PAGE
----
The ministry aims to make walking, cycling, and riding public transport become the way of life for Singaporeans, said Mr Khaw.

Central to these plans is improving rail reliability, with the train operators and Land Transport Authority set to recruit "many" additional engineers and technicians to shore up maintenance capabilities, as well as implementing more stringent maintenance requirements, he said.

The rail network will double to 360km in the next 15 years, with a new line or MRT extension opening almost every year until 2021 - by which time there will be an MRT station within a 5-minute walk from any location in the central area, and 8 in 10 households will be within a 10-minute walk of a station by 2030, said the Transport Minister.

Existing routes will be enhanced, he added. Major renewal works for the trunk North-South and East-West MRT Lines will be completed by 2018, and service levels of existing train and bus networks will be raised in the next five years, in large part due to the new bus contracting model.

"FROM DOORSTEP TO DESTINATION"

To improve connectivity to public transport nodes over the next five years, the length of covered walkways will be quadrupled, while dedicated cycling paths will be built in more towns, Mr Khaw said.

Ang Mo Kio and Tampines will pilot a "fully integrated, seamless" walking and cycling network; Kampong Bugis will pilot new design concepts for private developments that facilitate seamless walking and cycling; while Bidadari Town will have a walking greenway and cycling paths connecting to its two MRT stations, he added. Other cycling connectivity improvements include the Queenstown-City Link and the Bishan-Kallang Link.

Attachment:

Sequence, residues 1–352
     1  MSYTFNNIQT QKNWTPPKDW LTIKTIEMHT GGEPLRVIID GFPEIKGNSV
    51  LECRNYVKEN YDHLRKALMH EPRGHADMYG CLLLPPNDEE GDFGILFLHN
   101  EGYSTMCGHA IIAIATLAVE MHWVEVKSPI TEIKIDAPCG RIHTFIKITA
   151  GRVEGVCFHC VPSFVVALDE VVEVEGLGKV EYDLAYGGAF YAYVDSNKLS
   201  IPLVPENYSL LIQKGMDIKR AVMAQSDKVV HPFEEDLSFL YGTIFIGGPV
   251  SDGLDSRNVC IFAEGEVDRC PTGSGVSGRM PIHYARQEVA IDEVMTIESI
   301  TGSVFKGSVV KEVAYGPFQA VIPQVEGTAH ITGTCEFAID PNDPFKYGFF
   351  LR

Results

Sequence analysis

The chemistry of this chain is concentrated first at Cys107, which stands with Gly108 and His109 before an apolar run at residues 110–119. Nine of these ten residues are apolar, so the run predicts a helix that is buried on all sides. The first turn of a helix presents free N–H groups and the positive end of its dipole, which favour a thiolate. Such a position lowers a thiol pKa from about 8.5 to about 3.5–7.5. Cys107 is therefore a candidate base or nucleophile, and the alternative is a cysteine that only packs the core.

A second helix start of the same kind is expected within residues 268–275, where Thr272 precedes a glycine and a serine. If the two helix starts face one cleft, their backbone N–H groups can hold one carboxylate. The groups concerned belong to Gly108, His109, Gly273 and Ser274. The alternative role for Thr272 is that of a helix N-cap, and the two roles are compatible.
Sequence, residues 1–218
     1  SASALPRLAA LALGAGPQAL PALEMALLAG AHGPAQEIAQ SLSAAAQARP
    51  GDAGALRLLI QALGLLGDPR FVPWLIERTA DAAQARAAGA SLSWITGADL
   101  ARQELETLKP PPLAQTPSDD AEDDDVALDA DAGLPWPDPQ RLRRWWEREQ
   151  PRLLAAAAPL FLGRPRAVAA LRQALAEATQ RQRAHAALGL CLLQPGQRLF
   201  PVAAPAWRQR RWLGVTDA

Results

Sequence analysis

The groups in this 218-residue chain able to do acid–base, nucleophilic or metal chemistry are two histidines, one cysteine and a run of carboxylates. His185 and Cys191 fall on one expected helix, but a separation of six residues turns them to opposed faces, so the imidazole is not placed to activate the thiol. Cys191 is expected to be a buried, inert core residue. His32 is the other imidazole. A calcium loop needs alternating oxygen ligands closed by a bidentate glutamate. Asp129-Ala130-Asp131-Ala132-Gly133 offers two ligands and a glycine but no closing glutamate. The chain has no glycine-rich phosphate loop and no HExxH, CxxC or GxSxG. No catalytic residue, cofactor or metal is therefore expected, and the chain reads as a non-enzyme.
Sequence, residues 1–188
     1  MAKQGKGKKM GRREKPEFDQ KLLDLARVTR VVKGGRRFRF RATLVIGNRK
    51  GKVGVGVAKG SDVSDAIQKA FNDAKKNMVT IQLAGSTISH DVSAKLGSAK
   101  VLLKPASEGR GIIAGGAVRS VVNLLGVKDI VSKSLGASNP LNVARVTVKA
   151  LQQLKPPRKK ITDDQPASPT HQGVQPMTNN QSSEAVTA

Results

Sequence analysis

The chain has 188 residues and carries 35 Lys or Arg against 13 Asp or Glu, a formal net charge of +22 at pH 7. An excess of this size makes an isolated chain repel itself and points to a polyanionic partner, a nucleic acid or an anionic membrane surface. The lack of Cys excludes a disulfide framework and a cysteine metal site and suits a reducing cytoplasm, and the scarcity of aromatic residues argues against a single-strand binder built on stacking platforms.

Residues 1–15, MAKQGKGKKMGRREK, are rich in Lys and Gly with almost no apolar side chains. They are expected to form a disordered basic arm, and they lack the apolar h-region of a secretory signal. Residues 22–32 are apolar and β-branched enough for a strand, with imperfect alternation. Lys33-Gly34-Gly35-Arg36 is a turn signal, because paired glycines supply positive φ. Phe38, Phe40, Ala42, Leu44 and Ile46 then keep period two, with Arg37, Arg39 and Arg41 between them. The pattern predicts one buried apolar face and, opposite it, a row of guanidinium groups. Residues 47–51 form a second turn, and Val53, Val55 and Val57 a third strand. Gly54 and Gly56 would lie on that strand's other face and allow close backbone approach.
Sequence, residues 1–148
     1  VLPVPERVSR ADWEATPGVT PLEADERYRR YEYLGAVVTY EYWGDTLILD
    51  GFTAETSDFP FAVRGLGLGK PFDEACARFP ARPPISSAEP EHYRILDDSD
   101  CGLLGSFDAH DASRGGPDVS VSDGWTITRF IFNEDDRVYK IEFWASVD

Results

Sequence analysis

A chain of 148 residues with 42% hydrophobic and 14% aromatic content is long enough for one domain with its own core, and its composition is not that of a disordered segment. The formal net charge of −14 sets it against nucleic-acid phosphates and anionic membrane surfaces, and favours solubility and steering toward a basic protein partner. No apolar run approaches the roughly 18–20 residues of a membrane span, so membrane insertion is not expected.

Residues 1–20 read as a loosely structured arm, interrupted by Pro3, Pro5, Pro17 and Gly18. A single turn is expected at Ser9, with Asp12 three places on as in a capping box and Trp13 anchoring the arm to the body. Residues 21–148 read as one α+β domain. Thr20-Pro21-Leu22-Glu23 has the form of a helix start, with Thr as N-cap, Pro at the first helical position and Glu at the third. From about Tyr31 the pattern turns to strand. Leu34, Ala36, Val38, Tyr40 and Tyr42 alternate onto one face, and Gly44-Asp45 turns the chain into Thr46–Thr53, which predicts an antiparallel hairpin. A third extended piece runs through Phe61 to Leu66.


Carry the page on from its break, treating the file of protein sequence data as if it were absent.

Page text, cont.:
For longer-distance connectivity, the planned North-South Expressway will be reconfigured to be part of a “North-South Corridor” that will include express bus lanes and a cycling trunk route to the city, said Mr Khaw, while the revitalised Bencoolen Street will include wide pedestrian paths and a dedicated cycling lane.

More trials are planned for self-driving vehicle technology, which could complement and "radically improve" the public transport experience, he said.

One knock-on benefit of reducing the number of cars needed on the road: Safer journeys for pedestrians, in particular children and the elderly. More "silver zones" and "school zones" are in the pipeline, the Transport Ministry said.

BIGGER, BETTER AIR AND SEA PORTS